"People gave me such a bad time about wanting a baby. I didn't want a baby, and I still don't. I wanted a dog." -- Ann Patchett
Ann Patchett (born December 2, 1963 ) is an American author. She received the Orange Prize for Fiction and the PEN/Faulkner Award in 2002 for her novel Bel Canto. Patchett's other novels include Run, The Patron Saint of Liars, Taft, and The Magician's Assistant, which was shortlisted for the Orange Prize. She is the recipient of a Guggenheim Fellowship and received the Nashville Banner Tennessee Writer of the Year Award in 1994.
"I can write for any magazine now, in any voice. I can do it in two hours, I could do it in my sleep, it's like writing a grocery list.""I don't write for an audience, I don't think whether my book will sell, I don't sell it before I finish writing it.""I think people become consumed with selling a book when they need to be consumed with writing it.""I was very influenced by The Magic Mountain. It's a book that had a huge impact on me. I loved that as a shape for a novel: put a bunch of people in a beautiful place, give them all tuberculosis, make them all stay in a fur sleeping bag for several years and see what happens.""Part of it is living in Tennessee. I'm so out of the loop. And as a person, I'm out of the loop. I'm oblivious by nature.""Praise and criticism seem to me to operate exactly on the same level. If you get a great review, it's really thrilling for about ten minutes. If you get a bad review, it's really crushing for ten minutes. Either way, you go on.""Well, I always say that the two things I was most disastrous at in my life, being a teenager and being a wife, were the two things I really wound up cashing in on when I was writing fluffy magazine pieces.""Write because you love the art and the discipline, not because you're looking to sell something.""You see an absolutely brilliant film later, as an adult, and you walk out thinking about what to have for dinner. Whereas something like Jaws winds up having a huge effect on me. If only my parents had been taking me to Kurosawa films when I was eight, but no."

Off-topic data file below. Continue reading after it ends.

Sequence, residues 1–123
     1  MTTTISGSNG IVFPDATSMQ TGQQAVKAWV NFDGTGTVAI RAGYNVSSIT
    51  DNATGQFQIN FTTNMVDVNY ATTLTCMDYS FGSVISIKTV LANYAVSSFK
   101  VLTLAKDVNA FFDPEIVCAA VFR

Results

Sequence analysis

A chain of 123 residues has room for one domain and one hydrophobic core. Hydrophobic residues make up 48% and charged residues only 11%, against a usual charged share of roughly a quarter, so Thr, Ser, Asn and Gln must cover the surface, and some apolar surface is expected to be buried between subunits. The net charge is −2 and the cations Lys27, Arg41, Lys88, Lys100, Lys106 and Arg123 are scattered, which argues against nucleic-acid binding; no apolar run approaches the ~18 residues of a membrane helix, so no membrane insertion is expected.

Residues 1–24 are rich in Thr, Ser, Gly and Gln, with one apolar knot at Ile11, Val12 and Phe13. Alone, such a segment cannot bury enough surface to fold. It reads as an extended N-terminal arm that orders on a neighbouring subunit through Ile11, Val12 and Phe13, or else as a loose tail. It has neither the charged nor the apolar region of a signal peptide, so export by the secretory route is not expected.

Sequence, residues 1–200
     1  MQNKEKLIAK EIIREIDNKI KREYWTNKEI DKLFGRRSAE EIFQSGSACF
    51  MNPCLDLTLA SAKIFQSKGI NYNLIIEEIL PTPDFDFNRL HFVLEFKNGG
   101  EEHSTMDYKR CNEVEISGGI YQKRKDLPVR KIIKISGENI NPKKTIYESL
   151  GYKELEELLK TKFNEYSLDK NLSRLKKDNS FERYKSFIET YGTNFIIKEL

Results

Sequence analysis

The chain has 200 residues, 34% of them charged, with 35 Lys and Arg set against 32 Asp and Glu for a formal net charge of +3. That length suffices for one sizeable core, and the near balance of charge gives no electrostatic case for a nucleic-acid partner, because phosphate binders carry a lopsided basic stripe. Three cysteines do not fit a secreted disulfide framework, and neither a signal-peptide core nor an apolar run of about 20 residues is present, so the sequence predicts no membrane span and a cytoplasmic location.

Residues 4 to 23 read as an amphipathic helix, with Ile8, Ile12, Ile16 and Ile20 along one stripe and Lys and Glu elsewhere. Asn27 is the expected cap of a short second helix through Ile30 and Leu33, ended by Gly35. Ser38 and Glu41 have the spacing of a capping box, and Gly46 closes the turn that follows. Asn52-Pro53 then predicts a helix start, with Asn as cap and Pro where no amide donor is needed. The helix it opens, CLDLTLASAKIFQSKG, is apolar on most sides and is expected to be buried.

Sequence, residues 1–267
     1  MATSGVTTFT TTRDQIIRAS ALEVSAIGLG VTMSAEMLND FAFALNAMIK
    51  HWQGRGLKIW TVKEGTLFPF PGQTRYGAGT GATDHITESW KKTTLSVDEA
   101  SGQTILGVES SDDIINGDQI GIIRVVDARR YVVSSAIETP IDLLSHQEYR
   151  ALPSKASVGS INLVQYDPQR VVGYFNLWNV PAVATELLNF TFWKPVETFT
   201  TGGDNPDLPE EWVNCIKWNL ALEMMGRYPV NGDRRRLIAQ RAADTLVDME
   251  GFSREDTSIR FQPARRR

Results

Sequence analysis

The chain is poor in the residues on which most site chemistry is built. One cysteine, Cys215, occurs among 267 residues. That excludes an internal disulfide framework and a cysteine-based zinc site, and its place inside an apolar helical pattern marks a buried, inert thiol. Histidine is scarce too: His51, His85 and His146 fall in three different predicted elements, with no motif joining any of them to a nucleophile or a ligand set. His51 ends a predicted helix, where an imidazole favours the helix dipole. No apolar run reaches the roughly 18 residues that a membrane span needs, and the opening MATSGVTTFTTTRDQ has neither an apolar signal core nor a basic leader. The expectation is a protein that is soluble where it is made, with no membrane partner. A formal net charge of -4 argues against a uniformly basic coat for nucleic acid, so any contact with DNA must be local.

Patchett attended high school at St. Bernard Academy, a private, non-parochial Catholic school for girls run by the Sisters of Mercy. . Following graduation, she attended Sarah Lawrence College and took fiction writing classes with Allan Gurganus, Russell Banks, and Grace Paley. She later attended the Iowa Writers' Workshop at the University of Iowa and the Fine Arts Work Center in Provincetown, Massachusetts, where she met longtime friend Elizabeth McCracken. It was also there that she wrote her first novel, The Patron Saint of Liars.
Patchett's first published work was in The Paris Review. She sold her story to the journal and had it published before she graduated from Sarah Lawrence College.
For nine years, Patchett worked at Seventeen magazine. She mostly wrote non-fiction, and the magazine would publish only one of every five articles she wrote. She said that the magazine was cruel and eventually she stopped taking criticism personally. She ended her relationship with the magazine after getting into a fight with an editor and exclaiming, "I’ll never darken your door again!"
In 1992, Patchett published The Patron Saint of Liars. The novel was made into a movie of the same title in 1998.
Her second novel Taft won the Janet Heidinger Kafka Prize in fiction in 1994. Her third novel, The Magician’s Assistant, was released in 1997. In 2001, her fourth novel Bel Canto became her breakthrough, winning many awards, including the PEN/Faulkner Award, and becoming a National Book Critics Circle Award Finalist.
She was friends with fellow writer Lucy Grealy and has written a memoir about their relationship, Truth and Beauty: A Friendship. Patchett's latest novel, Run, was released in October 2007. What now?, published in April 2008, is an essay based on a commencement speech she delivered at her alma mater in 2006.
Patchett has written for numerous publications, including The New York Times Magazine, The Washington Post, O, The Oprah Magazine, ELLE, GQ, Gourmet, and Vogue. She is the editor of the 2006 volume of the anthology series The Best American Short Stories.